Cagey, Canny, Krafty
The Aphex Twin
Never mind avoiding presets and programming your own patches... how about rebuilding the whole damn synth? Richard James - aka Polygon Window, Caustic Window, Diceman, Soit PP, Blue Calx, AFX and The Aphex Twin - isn’t happy with his hardware till he’s had the toolbox to it. Phil Ward enters the twilight zone of the lad from Cornwall who’s spearheading the ambient onslaught.
Some people aren't content with just wiring a plug onto a new synth. Some people make brilliantly original ambient electronic music. Some people are Richard James, the Aphex Twin...
"I buy about £200 worth of records a week. At the moment it's mostly 70s electronic stuff like Can - I've just got Popol Vuh's last album. I've been in Cornwall so long without any money, or any record shops, I've been making up for lost time." So says Richard James, who's got a bit more purchasing power now that he's moved to London, his pseudonym Aphex Twin has caught the imagination of the music press, and ambient music - of which he is one of the country's leading exponents - is threatening to be The Next Big Thing.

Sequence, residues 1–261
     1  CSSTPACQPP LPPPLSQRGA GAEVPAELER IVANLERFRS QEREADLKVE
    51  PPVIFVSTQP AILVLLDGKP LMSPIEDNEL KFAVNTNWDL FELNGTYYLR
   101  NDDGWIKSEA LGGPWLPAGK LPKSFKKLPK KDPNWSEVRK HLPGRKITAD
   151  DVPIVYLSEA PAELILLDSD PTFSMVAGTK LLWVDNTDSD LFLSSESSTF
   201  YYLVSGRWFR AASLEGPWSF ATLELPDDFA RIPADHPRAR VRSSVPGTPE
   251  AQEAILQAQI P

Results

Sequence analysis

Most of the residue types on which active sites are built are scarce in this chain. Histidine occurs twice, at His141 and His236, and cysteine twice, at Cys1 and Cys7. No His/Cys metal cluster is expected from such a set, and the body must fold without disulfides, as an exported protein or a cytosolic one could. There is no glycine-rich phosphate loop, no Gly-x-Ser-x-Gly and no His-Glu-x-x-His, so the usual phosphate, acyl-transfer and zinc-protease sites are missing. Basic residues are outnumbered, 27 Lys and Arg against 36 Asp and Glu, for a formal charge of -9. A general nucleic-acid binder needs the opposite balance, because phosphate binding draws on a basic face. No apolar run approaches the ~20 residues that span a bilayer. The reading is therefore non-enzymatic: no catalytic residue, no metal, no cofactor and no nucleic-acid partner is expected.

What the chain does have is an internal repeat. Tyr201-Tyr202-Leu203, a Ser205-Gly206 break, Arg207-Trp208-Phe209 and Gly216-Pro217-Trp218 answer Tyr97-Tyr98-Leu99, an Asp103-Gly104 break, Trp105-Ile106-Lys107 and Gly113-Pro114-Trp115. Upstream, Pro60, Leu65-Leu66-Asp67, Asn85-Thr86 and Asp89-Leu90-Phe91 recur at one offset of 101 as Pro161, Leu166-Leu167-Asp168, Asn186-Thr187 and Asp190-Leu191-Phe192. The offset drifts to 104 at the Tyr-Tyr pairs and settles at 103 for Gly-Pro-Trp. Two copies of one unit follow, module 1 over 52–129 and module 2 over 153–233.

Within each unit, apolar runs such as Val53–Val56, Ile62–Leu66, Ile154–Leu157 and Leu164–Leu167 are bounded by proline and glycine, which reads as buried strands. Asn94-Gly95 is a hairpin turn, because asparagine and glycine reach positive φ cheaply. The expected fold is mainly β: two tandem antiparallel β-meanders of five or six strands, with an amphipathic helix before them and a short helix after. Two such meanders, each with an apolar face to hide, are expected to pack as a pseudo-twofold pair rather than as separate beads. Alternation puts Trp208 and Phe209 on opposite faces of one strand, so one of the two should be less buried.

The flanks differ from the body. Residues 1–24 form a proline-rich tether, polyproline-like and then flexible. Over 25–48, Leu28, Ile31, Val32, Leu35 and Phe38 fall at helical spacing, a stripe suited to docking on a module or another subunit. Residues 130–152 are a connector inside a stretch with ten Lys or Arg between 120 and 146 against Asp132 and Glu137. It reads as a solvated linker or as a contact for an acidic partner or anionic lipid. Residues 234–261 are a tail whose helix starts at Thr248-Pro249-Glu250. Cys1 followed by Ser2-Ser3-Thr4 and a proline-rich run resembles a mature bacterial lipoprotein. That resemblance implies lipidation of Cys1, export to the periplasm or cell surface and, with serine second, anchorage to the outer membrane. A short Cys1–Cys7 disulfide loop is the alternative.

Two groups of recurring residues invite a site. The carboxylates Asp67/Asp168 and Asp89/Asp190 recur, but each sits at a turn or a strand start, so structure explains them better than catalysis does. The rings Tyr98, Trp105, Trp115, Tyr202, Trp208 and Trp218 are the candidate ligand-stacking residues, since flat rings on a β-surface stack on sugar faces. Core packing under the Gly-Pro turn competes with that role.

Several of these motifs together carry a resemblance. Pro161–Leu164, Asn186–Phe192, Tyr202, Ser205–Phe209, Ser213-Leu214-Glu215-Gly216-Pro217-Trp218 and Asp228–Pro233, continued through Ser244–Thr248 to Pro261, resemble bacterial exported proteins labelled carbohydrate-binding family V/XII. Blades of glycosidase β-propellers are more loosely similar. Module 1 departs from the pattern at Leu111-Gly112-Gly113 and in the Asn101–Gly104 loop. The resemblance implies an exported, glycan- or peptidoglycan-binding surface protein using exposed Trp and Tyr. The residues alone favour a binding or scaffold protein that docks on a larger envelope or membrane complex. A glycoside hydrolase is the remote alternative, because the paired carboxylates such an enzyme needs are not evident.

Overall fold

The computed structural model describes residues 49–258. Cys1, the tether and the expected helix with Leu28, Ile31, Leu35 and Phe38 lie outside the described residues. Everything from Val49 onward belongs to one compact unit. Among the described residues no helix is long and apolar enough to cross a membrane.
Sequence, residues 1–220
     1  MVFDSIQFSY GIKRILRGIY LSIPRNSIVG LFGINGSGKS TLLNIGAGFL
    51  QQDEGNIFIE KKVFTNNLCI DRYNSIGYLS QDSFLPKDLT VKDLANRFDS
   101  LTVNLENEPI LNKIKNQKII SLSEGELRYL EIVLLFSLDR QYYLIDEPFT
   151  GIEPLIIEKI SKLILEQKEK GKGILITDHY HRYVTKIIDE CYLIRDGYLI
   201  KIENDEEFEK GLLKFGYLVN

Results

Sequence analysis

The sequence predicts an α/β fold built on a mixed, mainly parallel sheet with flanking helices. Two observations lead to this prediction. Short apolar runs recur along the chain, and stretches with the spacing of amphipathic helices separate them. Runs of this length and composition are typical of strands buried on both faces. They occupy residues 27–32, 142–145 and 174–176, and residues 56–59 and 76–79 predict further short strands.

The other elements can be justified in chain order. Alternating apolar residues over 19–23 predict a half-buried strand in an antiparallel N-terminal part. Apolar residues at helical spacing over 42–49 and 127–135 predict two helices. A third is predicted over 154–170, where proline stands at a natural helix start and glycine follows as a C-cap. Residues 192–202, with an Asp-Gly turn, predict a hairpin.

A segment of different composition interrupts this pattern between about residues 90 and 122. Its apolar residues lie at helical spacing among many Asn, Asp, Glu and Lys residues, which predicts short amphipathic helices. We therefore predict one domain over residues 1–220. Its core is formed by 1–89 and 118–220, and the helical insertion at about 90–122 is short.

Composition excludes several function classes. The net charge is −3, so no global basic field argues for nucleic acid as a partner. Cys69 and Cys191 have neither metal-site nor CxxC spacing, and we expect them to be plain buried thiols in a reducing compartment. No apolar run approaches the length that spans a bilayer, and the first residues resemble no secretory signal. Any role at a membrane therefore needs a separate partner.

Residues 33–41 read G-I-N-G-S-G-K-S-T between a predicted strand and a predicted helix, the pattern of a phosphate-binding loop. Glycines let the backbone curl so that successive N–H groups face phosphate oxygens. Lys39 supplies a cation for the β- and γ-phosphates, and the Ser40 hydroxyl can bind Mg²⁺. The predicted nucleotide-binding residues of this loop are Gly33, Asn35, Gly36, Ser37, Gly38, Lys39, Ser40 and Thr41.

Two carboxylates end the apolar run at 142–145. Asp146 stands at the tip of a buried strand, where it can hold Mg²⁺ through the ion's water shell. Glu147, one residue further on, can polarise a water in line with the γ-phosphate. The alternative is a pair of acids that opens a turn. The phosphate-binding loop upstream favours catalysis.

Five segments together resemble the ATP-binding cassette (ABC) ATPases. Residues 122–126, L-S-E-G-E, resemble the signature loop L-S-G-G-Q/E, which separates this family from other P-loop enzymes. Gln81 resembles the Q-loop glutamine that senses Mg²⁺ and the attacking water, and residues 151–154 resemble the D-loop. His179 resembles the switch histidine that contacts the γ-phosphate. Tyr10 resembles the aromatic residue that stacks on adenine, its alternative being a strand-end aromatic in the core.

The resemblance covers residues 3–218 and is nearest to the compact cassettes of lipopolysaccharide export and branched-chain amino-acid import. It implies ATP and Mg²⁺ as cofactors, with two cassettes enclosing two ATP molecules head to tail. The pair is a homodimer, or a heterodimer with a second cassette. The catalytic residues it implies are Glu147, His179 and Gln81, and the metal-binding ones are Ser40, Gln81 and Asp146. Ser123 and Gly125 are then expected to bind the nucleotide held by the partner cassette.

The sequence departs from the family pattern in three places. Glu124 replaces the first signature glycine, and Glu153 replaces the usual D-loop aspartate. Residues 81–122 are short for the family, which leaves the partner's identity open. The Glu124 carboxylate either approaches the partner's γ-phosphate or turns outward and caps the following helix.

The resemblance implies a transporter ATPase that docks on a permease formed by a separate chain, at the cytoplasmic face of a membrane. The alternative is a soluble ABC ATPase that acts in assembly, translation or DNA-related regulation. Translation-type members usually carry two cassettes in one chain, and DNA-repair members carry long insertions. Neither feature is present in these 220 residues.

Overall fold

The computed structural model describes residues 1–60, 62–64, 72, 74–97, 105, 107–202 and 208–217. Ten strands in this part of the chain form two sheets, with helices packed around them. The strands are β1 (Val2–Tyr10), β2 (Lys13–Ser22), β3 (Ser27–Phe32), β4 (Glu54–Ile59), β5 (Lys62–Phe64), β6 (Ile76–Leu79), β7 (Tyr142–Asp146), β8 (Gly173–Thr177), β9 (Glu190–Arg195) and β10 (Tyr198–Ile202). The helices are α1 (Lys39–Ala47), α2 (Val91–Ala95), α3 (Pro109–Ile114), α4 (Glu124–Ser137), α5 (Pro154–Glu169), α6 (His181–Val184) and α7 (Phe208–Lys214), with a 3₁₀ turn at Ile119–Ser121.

He buys his music on vinyl, as a DJ in regular demand throughout blissed out clubland, and he especially buys ambient material, with a bias towards early and obscure ventures in the genre that hopefully are free of bass and drums entirely, allowing premium live remix potential. Counting his own friends as the best DJs he's heard, he is typically blase about his own increasing status, and about mixing - if you'll pardon the expression - with the big names. "I was writing stuff before I'd heard any Derrick May material, anyway, so while I've got a lot of respect for him, especially his early stuff, I wouldn't say he's an influence. I'm a bit of a veteran, now..."